Backpacking Colorado’s Four Pass Loop

Maroon Bells

This four-day, four-pass backpacking trip is often featured on lists of the world’s classic hikes, and it certainly is worthy of all the hype. Beginning at Aspen’s magnificent Maroon Bells and traversing four 12,000+ passes over its 26 miles, the hike offers magnificent scenery and a good physical challenge. You might think that starting at the Maroon Bells—one of Colorado’s most photogenic peaks—would make the the remainder of the hike somewhat anti-climatic, but each pass offers a new set of vistas that are just as spectacular as the next. The Four Pass Loop is awesome from beginning to end. We highly recommend it!

Since this is a loop, there are several entry points for the hike, but the one closest to Aspen was logistically the easiest for us. We were lucky enough to arrive at the Maroon Bells parking lot early enough to snatch one of the few parking sites reserved for backpackers. If those had been full, we could have parked remotely and used the popular area’s shuttle system to get to the trailhead.

After passing the Bells, the trail led us through a valley of large granite boulders, past a nearly dry Crater Lake and alongside a pretty stream with a few uneventful crossings. Eventually, we started the grueling climb up to our first pass, passing several nice-looking campsites just before reaching the top. We debated whether or not we should take one of the sites before the pass, but we were determined to take on a pass each day, so we pressed on. The view from the top of West Maroon Pass was marvelous, and we took it all in before pressing on to look for our first night’s campsite.

Before long, we found a level site with some dense bushes for wind shelter. We set up camp and began the search for water. This proved to be more of a challenge than we had anticipated as Colorado was suffering a fairly severe drought. Although there were plenty of streams, their water levels were so low that they made us question whether our filter would be effective at all. After a few hours of searching for better options, we worked our way back to the most promising of the streams and crossed our fingers for the best.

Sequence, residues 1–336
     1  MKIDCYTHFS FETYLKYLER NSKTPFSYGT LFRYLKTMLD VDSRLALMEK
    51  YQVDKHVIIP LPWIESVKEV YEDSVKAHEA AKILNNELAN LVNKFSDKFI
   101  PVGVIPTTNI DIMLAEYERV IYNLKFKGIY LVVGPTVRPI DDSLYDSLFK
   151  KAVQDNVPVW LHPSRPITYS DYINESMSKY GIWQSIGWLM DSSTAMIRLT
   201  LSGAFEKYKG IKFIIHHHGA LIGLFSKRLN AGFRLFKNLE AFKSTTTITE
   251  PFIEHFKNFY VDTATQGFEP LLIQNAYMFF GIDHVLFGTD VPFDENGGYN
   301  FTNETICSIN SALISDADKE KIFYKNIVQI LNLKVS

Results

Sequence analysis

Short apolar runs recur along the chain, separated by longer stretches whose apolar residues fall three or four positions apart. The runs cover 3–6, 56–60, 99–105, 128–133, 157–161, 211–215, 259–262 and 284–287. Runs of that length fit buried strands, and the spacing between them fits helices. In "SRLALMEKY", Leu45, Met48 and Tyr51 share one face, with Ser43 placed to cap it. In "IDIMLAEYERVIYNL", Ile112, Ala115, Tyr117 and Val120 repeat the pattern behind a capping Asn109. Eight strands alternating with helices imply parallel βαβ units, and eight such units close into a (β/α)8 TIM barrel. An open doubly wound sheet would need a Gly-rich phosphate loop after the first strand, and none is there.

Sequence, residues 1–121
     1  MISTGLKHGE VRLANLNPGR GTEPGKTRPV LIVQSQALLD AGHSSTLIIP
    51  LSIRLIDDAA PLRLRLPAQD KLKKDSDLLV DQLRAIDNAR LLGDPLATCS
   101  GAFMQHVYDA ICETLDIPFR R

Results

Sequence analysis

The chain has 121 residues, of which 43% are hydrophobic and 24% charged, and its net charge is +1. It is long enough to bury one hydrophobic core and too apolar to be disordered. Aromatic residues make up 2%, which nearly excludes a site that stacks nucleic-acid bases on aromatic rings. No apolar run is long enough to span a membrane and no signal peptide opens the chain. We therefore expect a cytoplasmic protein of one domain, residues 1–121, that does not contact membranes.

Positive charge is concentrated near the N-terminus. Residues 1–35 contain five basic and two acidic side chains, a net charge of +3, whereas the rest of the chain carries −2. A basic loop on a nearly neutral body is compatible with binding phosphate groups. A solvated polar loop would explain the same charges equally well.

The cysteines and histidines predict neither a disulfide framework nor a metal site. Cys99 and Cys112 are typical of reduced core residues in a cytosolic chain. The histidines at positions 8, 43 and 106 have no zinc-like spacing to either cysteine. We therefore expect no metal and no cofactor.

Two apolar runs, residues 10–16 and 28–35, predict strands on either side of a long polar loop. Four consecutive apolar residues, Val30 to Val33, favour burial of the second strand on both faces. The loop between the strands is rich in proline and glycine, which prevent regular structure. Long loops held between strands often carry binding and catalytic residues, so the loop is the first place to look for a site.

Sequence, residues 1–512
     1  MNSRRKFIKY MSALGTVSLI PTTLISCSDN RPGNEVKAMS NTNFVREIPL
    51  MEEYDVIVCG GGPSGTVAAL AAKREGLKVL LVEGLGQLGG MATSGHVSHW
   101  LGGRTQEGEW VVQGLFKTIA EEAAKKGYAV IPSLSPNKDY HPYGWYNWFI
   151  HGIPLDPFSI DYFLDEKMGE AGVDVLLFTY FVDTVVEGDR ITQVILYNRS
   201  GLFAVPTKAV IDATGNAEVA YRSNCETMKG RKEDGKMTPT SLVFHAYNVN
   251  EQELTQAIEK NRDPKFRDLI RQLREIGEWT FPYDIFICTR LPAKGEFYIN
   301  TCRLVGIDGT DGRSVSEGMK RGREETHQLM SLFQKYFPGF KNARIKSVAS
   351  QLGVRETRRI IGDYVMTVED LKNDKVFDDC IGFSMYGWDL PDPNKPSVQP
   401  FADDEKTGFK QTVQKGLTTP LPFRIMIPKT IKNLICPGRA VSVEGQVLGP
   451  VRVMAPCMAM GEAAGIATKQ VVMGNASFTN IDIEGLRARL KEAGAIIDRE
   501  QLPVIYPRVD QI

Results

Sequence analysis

The second pass came early on Day 2, and our confidence grew as we soaked in the view and the realization that we already had already completed half of our elevation challenges in the first 24 hours of our hike. A long descent for the rest of the day led us into a beautiful valley where we set up camp for the night and enjoyed a magnificent sunset on the backside of Maroon Bells.

Click to enlarge photographs and view as a slideshow.

Day 3 began with a tough series of steep switchbacks gaining over 1,000 feet in elevation in little over a mile from our previous night’s camp. With that challenge behind us, the rest of the way up to Trail Rider Pass seemed almost easy by comparison. The descent from there led us down to Snowmass Lake where we enjoyed a pleasant picnic lunch on the shores of the beautiful lake. There were several attractive campsites right near the lake, but the area seemed quite popular and noisy with campers and hikers taking frequent swims in the lake’s cool waters. We opted to press on for several miles farther along the trail in hopes of finding camp closer to our final pass.

Along the way, we hiked through a wetlands area that had clearly been created by some industrious beavers. Before long, we crossed a river, the area’s main water source, and were stopped in our tracks by the handiwork (toothiwork?) of the ambitious rodents. There we found a beaver dam more impressive than any we had ever seen before. While we don’t claim to be engineers, in our humble opinions, the craftsmanship of these beavers rivals any man-made structure of the sort that we have ever seen. It was clearly the Hoover Dam of all beaver dams, and we were seriously impressed!